I Didn't Realize How Much More I Did Around The House Until I Got Divorced

by Laney Morrison
Originally Published: 
A woman ironing clothes

At the end of last year, as my ex and I were separating, as I purchased my humble little house, set up accounts with internet, electric, water, and gas companies, as I assembled furniture and weeded flower beds and scrubbed grime-covered baseboards, I worried that I had bitten off more than I could chew. I worried I may not be able to manage a household on my own after my divorce. Would I be overwhelmed with my workload without my ex around to pitch in? I’ve never lived on my own before, much less on my own with two children. What if I couldn’t do it without a husband? What if I failed?

Moving is always stressful, and perhaps even more stressful when you’re dividing a house’s contents and trying to ensure that children feel safe and comfortable in each of their homes. But we did it. We settled in. I worked non-stop, doing my regular day job and in every spare moment turning this once-grimy little cottage into a cozy, immaculate home.

Now that we’ve been settled for a few months, I’ve been able to relax a bit. I have confidence I can pay my own bills. Our girls are adjusting to having two homes. And I’ve discovered, with no small amount of surprise, that running a house without a husband in it is easier. And not a little easier. A lot easier. Like, I-have-a-lot-more-time and my-house-is-always-clean and the-laundry-is-always-done easier.

Volha Flaxeco/Unsplash

I don’t know whether to laugh, cry, or scream into a canyon over this.

Oh, and in case you were wondering, the “easier” does also include when my kids are with me. My ex recently had an extended work project that involved long enough hours that our girls stayed with me for an uninterrupted two weeks. Even then, with them underfoot because it was summer, it was still easier.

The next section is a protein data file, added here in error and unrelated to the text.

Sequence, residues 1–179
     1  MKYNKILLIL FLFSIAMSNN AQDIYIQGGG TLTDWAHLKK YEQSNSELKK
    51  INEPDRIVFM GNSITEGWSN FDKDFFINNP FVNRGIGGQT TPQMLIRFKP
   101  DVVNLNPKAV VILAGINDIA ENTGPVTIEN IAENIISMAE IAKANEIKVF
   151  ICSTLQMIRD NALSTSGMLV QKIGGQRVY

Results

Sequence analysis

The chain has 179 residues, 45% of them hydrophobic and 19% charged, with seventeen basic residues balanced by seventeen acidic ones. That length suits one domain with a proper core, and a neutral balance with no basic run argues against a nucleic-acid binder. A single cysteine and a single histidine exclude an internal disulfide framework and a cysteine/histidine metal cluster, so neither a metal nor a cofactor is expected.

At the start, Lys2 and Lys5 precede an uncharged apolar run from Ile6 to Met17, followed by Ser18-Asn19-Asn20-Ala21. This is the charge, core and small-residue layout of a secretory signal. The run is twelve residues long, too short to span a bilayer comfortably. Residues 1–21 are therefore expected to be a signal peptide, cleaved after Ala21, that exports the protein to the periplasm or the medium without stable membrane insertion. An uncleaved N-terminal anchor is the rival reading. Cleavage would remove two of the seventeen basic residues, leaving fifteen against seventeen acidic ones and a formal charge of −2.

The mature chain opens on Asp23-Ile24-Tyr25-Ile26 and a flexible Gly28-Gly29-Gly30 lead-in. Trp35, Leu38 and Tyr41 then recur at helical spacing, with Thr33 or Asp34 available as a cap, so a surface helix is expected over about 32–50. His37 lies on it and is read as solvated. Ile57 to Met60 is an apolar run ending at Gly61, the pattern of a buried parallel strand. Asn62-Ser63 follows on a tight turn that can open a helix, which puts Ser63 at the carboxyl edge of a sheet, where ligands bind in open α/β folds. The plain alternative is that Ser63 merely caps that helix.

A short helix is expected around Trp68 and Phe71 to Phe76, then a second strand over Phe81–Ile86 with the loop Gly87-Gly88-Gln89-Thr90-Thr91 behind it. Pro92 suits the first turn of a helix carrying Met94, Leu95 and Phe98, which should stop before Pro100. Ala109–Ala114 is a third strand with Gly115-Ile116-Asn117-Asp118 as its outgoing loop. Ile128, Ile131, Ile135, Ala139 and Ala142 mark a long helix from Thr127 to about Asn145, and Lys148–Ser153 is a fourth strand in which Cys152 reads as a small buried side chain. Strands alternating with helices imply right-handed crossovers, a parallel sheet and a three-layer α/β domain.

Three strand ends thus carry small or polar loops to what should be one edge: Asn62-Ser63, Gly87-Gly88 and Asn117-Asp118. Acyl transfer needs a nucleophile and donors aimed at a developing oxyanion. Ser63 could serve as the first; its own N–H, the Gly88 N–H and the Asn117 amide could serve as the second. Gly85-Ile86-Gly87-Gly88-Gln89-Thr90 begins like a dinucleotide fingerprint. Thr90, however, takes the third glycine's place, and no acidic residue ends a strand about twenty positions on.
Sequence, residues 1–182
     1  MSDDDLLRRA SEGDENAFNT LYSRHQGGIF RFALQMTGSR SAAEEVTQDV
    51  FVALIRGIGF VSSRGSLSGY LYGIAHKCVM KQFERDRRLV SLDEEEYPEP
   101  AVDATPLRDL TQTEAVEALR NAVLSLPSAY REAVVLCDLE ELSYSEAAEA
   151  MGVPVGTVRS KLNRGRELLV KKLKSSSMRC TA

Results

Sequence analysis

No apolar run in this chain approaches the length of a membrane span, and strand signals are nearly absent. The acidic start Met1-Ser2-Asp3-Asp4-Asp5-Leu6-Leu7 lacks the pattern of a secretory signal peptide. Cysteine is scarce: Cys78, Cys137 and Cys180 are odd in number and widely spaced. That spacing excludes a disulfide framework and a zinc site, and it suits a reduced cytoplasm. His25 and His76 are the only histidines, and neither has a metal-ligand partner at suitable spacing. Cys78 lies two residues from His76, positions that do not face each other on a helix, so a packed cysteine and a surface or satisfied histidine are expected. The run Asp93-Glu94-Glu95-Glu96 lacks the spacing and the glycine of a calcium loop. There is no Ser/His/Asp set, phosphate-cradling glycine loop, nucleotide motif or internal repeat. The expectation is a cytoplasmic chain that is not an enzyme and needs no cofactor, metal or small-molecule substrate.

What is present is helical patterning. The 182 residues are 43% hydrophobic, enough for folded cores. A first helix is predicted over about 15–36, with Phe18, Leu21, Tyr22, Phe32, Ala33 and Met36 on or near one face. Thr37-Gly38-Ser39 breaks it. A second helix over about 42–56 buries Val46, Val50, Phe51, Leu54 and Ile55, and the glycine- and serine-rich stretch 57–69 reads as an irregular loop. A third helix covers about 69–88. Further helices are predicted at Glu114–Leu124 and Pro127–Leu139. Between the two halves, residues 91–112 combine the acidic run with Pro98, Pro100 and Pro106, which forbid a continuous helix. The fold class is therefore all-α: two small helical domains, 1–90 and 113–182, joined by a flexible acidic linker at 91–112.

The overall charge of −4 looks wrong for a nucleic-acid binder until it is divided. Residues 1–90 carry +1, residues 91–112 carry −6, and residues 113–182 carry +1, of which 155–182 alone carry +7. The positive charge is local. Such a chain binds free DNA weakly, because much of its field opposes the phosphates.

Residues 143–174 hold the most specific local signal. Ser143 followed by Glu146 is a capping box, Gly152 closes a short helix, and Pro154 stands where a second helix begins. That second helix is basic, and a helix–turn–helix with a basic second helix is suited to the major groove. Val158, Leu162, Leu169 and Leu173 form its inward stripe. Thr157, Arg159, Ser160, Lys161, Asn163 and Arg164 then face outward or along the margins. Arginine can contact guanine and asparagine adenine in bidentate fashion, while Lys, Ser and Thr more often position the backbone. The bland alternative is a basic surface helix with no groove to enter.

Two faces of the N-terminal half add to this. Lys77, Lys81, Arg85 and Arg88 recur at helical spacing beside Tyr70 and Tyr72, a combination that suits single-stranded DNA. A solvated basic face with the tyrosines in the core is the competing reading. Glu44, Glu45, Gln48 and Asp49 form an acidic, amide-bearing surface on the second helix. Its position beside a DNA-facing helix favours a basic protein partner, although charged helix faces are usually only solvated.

I didn’t realize. I had no idea how much I was doing, how little he was doing. It took moving out for me to clearly see the contrast in our workload. This is not an indictment against all men, I promise you. I’m sure there are plenty of men out there who not only pull their own weight in a household, but also lighten Mom’s load.

Mine didn’t. And research tells us a lot of others also don’t.

As part of the University of Michigan’s Panel Study on Income Dynamics, a 2008 study examined a representative sampling of U.S. married couples and came up with some enraging—but not really all that surprising—data. And that’s that married women do more housework than men.

Courtney Bollino/Reshot

Could some of that be due to more women staying home with kids in the home? Nope, sorry, the difference in amount of work done by men and women in married couples without children is pretty damn baffling. The study showed that while single women did a little over 10 hours of housework per week, married women did a little over 17 hours of work per week. Meanwhile, men went from eight hours of work per week while single to seven hours of work per week when married. In other words, if a woman marries a man, she is marrying extra housework. If a man marries a woman, he is marrying … a maid, I guess?

I know, I know. I’ll say it for you: #notallmen. But, um…. LOTS of men. Way more men than is acceptable. In hetero marriages, women are still the doers of the housework, whether they work or not and whether they have kids or not.